Lean 2016 budget approved by Perry City Council

Fiscal Year 2016 expenditures by department (Source: City of Perry)

February and March are number-crunching months for Iowa’s cities, towns and county governments. The Perry City Council, marking the three-quarter point in its 2015 budget, this week approved a balanced budget for fiscal year 2016 and also received a clean bill of health from the state auditor on its 2014 budget.

“I’m glad we held the line on next year’s budget.”

City revenues for 2016 are expected to be about $9.1 million, including $2.5 million in property taxes, $2.4 million in fees and service charges, $800,000 in Local Option Sales Taxes and $765,000 in Iowa road use taxes.

Fiscal Year 2016 revenues by source
Fiscal Year 2016 revenues by source (Source: City of Perry)

The 2016 budget was drafted before the state legislature passed a 10-cent-per-gallon hike in the gas tax. The increase will mean more revenues for Perry in the form of road use taxes, which will be used for street repairs and overlays.

Expenditures in next year’s budget are estimated at about $8.9 million. The largest items on the cost side are $2 million for public works, $1.7 million for police and $1.4 million for culture and recreation.

Fiscal Year 2016 expenditures by department
Fiscal Year 2016 expenditures by department (Source: City of Perry)

The overall tax levy rate will see a slight increase over the 2015 rate, from 17.79 to 17.87 per $1,000 of taxable valuation. There was a $1.12 million increase in the value of taxable property in Perry over the previous year, according to the office of the Dallas County Assessor..

“I’m glad we held the line on next year’s budget,” said Perry Mayor Pro Tem Phil Stone, who chaired the March 2 meeting and public hearing.

“Our cuts to the line-item budget were already close to the bone or even at the bone,” said council member Dr. Randy McCaulley. “Any further cuts would have had to come out of city services,” he said.

002 phil pro tem
Perry Mayor Pro Tem Phil Stone, center, voted to approve the budget developed by Assistant City Administrator Sven Peterson, left, and City Administrator Butch Niebuhr. City Finance Officer Susie Moorhead spearheaded the budget process.

Susie Moorhead, Perry’s finance officer, has worked a lot of overtime in the last six weeks, repeatedly holding meetings and workshops with both city councilors and heads of Perry’s seven service departments: public safety, public works, health and social services, culture and recreation, community and economic development, business-type activities and general government.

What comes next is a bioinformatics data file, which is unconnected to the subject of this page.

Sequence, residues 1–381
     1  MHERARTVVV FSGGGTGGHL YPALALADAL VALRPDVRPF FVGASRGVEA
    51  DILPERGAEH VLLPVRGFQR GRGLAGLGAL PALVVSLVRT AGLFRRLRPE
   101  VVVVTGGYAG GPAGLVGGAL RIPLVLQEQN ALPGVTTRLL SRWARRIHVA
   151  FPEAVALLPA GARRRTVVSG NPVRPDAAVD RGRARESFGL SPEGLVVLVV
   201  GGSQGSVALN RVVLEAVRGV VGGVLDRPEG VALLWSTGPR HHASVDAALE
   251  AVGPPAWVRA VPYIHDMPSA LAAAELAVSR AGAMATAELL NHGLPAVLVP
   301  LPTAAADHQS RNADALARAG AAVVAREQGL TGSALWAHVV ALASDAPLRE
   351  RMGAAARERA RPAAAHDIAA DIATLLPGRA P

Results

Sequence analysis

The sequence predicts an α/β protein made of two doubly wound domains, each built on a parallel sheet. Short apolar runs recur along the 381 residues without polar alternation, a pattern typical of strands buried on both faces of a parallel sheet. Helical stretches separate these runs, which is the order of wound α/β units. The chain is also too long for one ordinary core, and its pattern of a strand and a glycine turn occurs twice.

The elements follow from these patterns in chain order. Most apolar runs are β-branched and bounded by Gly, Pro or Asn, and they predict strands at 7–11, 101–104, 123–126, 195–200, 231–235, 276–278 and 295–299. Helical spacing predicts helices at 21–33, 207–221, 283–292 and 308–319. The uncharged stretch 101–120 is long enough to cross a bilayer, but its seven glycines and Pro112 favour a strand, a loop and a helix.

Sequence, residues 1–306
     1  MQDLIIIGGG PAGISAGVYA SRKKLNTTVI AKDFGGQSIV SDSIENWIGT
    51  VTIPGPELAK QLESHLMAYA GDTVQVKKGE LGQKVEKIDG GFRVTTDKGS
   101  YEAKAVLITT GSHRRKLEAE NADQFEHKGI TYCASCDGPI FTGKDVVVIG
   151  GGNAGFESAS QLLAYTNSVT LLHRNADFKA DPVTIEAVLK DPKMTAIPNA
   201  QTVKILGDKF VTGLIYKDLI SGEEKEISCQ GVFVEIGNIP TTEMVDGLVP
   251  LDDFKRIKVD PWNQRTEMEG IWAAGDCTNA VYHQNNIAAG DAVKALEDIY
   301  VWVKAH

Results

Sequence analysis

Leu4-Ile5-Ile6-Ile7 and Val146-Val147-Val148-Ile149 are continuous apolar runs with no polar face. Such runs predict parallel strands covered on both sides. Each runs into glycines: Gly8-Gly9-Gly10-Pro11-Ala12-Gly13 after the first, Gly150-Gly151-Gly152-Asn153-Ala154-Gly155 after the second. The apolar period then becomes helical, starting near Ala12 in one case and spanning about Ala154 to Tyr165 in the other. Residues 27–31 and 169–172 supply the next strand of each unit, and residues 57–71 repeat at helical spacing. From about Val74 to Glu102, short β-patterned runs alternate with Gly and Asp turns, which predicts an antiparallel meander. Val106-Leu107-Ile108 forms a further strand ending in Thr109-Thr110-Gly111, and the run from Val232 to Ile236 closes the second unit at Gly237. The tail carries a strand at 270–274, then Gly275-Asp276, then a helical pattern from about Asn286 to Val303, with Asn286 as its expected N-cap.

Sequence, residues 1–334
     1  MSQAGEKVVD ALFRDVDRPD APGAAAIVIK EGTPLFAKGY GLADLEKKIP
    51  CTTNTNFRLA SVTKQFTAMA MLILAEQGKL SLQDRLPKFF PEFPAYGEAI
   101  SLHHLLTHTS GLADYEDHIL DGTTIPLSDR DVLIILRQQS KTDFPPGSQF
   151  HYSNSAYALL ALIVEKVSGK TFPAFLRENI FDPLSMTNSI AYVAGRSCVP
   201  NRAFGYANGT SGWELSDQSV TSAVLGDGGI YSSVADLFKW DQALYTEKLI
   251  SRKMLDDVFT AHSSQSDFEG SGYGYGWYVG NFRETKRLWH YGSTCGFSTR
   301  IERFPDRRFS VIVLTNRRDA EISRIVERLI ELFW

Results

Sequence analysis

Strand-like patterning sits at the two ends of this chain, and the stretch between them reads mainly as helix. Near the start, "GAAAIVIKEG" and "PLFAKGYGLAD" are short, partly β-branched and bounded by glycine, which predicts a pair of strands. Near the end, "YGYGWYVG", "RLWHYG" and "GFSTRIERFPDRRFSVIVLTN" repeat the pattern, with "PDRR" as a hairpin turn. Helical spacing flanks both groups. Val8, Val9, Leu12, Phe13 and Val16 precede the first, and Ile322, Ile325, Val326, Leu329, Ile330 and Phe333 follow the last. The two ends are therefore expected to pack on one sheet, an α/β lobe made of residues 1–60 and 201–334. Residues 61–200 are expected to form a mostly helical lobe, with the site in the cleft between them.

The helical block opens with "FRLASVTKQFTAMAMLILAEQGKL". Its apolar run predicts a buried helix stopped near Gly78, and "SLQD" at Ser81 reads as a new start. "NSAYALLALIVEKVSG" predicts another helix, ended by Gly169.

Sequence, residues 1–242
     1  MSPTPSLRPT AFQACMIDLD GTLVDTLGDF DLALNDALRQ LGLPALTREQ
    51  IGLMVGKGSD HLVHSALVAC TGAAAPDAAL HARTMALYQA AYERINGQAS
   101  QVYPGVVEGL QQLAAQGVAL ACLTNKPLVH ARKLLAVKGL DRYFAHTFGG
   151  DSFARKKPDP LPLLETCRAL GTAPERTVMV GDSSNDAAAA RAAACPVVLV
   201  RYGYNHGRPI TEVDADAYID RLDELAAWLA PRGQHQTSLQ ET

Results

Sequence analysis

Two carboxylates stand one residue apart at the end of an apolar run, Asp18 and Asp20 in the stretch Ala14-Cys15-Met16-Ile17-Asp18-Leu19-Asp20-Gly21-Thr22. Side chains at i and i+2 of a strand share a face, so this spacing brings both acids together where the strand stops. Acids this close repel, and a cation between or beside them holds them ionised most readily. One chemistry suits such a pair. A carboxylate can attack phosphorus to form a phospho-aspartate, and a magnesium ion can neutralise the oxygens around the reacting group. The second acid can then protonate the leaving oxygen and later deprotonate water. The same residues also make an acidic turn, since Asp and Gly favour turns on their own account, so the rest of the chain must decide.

“When we receive the capital expenditure requests, we ask the department heads to prioritize the requests,” Moorhead said. “We make sure each department receives adequate, if not generous, funding for their capital requests.”

After paying down previous loans and bonds, the city expects to have about $500,000 in Local Option Property Tax revenues to put toward capital spending in 2016, but city departments asked for almost twice that amount in their original budget line-item requests submitted in February.

The first round of work sessions, when department heads met with Moorhead, City Administrator Butch Niebuhr and Assistant City Administrator Sven Peterson, saw that gap closed to about $30,000, and it was further cut at the second round of work sessions.

Among the round-two budget cuts were $2,500 from the Perry Police Department’s vehicle repair and investigation line items, $8,000 from the garbage and recycling contract services, $1,550 from the library’s part-time wages, $1,000 from the Parks Department’s budget for fuel and vehicle repairs, $3,000 from the Recreation Department’s operating supply line item and $1,000 from the City Hall’s expense budget.

“We make sure each department receives adequate, if not generous, funding for their capital requests.”

According to Moorhead, General Fund revenues for 2016 are expected to be $3.24 million, about 1.75 percent higher than this year’s tax and fee takings. General Fund expenditures are also expected to be $3.24 million, leaving the city with a tiny $421 surplus.

“When we review the capital expenditure requests with the department heads, we also discuss other funding possibilities,” Moorhead said, “such as grants or sharing of equipment between departments. We also look at expenses that may fit into their operating expenditures from the current year.”